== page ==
ETCG Rants About His Trip To the Dealer

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    EricTheCarGuy 1EricTheCarGuy

      Obviously, I don’t take my vehicle in for service often. When I do, it’s normally for warranty work like this. That said, I have a much better understanding of what some of you go through when getting your vehicle serviced.

      So what have your dealership/service experiences been like?

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      EricTheCarGuy 1EricTheCarGuy

        I haven’t had time to read all the comments yet, but here’s what I’d like to say based on the comments I’ve seen on YouTube. Yes, I did bring them a vehicle with a ‘broken’ but repaired hood latch. Truth is I forgot about it when I dropped it off. I also didn’t think they’d need to open the hood to replace the airbag inflator. I’ve done several airbags on Honda’s myself and never opened the hood. Before you judge me on that, know that the only issue I ever ran into what the horn going off during installation. That may not be standard procedure to some, but any flat rate tech doing a warranty job is going to do what they can to get the job done efficiently. I will concede that it would have been better had I warned them about the latch. I wish I would have thought about it.

        Many have also suggested that the dealer owes me nothing. I suppose that’s true on some level as the part was technically broken before I ever brought it in. However for me, the issue is not about the broken cable. It’s about how I was treated. Had the service writer started with “I’m sorry sir, but there’s been a problem with your vehicle. The hood latch broke when we tried to open the hood. It appeared to have been previously repaired…”. Just those words would have disarmed me from the beginning. I would have remembered about the latch, respected the fact that they’d owned up to it, and asked if I could order a cable.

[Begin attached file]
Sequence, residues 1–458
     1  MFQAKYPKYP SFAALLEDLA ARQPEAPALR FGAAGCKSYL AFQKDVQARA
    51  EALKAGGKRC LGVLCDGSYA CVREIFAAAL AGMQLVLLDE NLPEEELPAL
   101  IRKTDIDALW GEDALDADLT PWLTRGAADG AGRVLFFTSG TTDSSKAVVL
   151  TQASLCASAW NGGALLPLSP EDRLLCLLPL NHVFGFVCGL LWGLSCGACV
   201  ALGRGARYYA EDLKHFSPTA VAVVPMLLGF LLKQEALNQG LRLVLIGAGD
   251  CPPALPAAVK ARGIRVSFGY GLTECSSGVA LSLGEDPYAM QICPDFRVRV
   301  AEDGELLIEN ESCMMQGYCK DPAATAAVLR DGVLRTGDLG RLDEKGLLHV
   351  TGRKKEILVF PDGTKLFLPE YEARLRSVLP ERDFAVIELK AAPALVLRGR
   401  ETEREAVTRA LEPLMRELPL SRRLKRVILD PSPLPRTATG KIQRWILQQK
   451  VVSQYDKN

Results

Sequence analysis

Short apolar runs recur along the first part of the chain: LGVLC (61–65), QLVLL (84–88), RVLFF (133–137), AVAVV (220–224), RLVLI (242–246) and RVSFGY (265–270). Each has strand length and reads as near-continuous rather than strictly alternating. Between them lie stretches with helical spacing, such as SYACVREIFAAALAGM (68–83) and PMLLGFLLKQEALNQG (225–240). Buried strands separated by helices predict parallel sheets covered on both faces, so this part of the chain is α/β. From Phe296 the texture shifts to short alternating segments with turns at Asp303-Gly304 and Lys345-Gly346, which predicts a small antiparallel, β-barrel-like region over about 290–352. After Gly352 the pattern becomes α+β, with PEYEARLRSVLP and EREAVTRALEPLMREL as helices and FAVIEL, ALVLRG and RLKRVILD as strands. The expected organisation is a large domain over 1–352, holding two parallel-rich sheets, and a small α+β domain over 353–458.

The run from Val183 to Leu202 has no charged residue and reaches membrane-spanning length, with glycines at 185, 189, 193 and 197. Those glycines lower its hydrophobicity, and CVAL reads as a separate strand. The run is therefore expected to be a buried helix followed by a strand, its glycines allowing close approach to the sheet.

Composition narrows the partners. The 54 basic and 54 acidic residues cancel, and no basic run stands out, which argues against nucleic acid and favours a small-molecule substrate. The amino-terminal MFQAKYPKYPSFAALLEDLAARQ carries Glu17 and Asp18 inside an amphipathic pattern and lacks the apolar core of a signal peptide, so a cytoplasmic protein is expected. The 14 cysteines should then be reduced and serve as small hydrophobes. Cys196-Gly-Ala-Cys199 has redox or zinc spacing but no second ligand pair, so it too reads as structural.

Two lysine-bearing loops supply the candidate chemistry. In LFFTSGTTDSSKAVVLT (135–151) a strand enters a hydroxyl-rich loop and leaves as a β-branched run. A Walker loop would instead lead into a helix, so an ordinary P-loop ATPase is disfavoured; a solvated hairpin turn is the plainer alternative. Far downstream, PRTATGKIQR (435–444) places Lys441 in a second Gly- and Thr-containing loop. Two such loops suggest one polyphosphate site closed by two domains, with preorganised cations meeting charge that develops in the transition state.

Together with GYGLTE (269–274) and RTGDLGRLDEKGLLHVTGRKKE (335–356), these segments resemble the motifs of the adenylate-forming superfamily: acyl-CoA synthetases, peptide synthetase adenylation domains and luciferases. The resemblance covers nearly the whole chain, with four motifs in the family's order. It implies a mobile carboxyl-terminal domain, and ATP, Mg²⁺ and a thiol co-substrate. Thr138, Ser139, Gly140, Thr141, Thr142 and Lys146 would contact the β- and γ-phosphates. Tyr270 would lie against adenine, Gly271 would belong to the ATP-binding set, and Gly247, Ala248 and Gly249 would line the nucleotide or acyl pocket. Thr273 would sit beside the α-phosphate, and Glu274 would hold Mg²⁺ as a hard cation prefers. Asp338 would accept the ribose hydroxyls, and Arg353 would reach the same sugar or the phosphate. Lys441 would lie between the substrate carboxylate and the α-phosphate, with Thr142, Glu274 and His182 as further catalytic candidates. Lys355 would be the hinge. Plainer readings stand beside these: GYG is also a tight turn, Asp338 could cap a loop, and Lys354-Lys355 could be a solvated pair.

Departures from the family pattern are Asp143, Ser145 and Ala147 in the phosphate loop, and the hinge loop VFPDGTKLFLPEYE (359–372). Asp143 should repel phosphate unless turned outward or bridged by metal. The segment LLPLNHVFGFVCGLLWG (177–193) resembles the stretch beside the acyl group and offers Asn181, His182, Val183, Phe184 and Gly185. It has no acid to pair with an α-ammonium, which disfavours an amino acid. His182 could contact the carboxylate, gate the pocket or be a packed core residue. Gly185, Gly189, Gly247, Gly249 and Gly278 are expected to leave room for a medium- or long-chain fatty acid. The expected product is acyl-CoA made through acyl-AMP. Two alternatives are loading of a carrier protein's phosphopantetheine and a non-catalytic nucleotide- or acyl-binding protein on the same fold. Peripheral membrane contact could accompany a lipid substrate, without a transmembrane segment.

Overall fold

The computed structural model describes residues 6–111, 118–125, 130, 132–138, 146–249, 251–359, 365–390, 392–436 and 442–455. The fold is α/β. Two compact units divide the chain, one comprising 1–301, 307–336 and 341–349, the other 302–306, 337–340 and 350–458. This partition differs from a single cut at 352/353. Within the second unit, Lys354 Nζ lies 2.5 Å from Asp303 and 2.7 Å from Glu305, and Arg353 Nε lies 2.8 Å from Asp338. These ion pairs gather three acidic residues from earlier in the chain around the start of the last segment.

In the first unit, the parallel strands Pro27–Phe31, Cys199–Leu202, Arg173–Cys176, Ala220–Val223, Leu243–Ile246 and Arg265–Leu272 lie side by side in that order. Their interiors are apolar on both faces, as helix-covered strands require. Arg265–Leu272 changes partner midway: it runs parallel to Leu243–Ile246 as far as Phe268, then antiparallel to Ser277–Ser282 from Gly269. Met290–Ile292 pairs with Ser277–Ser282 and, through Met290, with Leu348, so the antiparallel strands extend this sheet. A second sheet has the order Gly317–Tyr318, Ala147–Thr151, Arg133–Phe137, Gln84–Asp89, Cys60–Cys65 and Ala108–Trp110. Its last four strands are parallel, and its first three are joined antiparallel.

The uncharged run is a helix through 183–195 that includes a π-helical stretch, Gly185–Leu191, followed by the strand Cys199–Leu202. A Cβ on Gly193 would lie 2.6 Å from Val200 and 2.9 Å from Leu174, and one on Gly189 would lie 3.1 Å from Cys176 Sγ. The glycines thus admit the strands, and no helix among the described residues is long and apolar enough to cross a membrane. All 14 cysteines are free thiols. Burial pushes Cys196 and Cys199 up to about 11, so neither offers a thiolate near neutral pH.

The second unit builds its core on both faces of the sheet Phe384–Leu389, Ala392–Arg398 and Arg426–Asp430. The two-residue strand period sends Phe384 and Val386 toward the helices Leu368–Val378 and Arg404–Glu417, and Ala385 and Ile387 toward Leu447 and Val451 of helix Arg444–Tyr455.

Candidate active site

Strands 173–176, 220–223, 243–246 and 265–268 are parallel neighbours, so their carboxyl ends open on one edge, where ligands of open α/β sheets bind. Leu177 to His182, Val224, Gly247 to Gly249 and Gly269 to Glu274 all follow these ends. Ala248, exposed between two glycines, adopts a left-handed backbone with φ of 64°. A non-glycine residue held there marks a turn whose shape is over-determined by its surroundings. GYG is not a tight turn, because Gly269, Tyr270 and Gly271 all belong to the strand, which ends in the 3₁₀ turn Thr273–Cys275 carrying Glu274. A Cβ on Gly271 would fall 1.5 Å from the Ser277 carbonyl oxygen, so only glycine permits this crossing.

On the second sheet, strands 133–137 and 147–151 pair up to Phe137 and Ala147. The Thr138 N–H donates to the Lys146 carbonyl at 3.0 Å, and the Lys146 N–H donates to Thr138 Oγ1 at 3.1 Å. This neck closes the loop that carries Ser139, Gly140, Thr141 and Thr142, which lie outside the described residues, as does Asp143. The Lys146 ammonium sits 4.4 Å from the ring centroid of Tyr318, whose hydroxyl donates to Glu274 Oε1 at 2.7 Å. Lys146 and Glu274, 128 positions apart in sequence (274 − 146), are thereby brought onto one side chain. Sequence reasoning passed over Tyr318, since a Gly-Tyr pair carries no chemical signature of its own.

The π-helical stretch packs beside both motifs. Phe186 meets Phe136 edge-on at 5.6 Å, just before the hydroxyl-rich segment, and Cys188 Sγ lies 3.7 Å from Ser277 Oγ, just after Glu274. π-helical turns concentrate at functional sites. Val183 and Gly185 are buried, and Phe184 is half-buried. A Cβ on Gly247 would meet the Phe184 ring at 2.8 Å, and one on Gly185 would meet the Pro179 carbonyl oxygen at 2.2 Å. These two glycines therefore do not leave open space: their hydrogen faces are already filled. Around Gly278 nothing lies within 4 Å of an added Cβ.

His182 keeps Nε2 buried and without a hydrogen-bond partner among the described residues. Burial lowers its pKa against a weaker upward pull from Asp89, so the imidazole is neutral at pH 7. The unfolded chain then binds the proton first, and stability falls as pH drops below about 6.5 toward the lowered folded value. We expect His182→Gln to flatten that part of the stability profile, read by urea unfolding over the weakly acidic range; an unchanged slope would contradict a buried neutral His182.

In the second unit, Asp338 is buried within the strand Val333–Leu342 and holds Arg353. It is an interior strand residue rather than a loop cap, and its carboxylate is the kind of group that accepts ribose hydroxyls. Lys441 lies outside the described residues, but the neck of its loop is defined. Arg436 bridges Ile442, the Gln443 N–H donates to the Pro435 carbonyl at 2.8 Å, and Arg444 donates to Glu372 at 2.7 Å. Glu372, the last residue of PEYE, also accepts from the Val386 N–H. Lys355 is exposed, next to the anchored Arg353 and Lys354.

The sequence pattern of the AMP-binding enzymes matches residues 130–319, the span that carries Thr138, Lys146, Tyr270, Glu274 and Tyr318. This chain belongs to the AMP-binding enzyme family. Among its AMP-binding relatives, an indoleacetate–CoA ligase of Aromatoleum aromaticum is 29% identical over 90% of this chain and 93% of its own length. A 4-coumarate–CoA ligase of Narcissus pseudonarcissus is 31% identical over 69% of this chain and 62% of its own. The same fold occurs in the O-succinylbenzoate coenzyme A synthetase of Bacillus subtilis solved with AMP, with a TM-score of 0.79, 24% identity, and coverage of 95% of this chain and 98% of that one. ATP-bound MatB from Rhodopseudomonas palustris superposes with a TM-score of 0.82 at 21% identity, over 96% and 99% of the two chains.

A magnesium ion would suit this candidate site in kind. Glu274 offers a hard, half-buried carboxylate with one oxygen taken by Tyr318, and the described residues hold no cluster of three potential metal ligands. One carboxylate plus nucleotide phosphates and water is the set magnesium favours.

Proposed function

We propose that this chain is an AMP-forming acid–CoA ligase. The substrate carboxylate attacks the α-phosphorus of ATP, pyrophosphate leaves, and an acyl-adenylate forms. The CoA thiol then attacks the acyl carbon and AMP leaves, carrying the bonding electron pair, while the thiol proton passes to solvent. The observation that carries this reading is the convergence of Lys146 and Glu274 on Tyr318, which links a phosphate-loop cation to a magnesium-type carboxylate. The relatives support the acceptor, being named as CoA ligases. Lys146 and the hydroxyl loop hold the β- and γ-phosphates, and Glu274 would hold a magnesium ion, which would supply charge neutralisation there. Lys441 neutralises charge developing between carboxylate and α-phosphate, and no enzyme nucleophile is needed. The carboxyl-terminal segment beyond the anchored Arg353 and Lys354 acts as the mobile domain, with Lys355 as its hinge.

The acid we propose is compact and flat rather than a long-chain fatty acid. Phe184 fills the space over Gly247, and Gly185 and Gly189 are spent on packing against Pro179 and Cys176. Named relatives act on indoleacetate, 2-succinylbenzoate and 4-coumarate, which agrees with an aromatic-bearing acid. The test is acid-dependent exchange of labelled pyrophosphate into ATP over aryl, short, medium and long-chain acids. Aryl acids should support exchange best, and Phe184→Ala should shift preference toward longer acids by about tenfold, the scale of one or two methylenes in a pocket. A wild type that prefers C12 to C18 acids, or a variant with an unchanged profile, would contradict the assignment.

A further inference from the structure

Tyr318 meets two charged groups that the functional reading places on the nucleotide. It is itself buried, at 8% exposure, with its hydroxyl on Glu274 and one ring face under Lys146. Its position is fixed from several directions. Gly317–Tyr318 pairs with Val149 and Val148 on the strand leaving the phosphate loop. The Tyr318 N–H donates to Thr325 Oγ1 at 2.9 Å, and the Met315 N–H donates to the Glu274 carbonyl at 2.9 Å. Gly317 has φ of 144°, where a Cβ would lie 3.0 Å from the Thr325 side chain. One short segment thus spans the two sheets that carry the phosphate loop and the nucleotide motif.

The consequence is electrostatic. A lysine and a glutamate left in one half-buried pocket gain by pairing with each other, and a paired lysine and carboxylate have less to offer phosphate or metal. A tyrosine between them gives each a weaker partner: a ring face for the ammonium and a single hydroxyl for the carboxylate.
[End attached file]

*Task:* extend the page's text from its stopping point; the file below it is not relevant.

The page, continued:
That’s not the way it went down. Instead I get accused of setting them up as if I were trying to scam them out of a new hood cable.

        Also, Q-Bond is not just super glue. I’ve used it in other places and it’s worked quite well. The entire front grill on the Vigor was repaired with the stuff and it’s holding up beautifully. It is not a ‘dodgy’ repair as many have suggested. The hood latch worked just fine for me after I did that repair.

        I felt my request for a hood cable was not off the mark. The part itself is $20 retail which means it probably cost them about $10. It’s the labor to put one of those in that’s a PITA. I figured I was meeting them half way with this suggestion. I could care less about the service writer, but I was concerned about an innocent tech having to install a new cable. That would not be cool. In my mind, the labor to replace the cable is worth more than the cable itself.

        In the end I ended up getting the cable at a very reasonable cost, and while I was at the parts counter the service writer in question showed up. This was after our conversation in front of the service manager. He awkwardly apologized and we moved on. I was still bent about the situation and thought this would make for a good ETCG1 topic, so I headed to the shop, shot the video, and installed my new bench vice. After that I had calmed down considerably. I LOVE my new vice and enjoyed welding the holes in my workbench. The people that know me know that I’m a pretty simple guy at heart. It doesn’t take much to make me happy.

        I wish I would have emphasized the lack of apology as the thing I was most offended by in the video. Many people saw me as trying to get a new hood cable that they didn’t feel I was entitled to. Fair enough. I just want it known that was never my intention from the start. I could care less about the $20 for a new cable. It’s being treated like a crappy customer AFTER I had tried to make every concession to the dealer when I dropped the car off. Declining the inspection and the carwash as well as giving them plenty of time to do the repair and NOT waiting for it.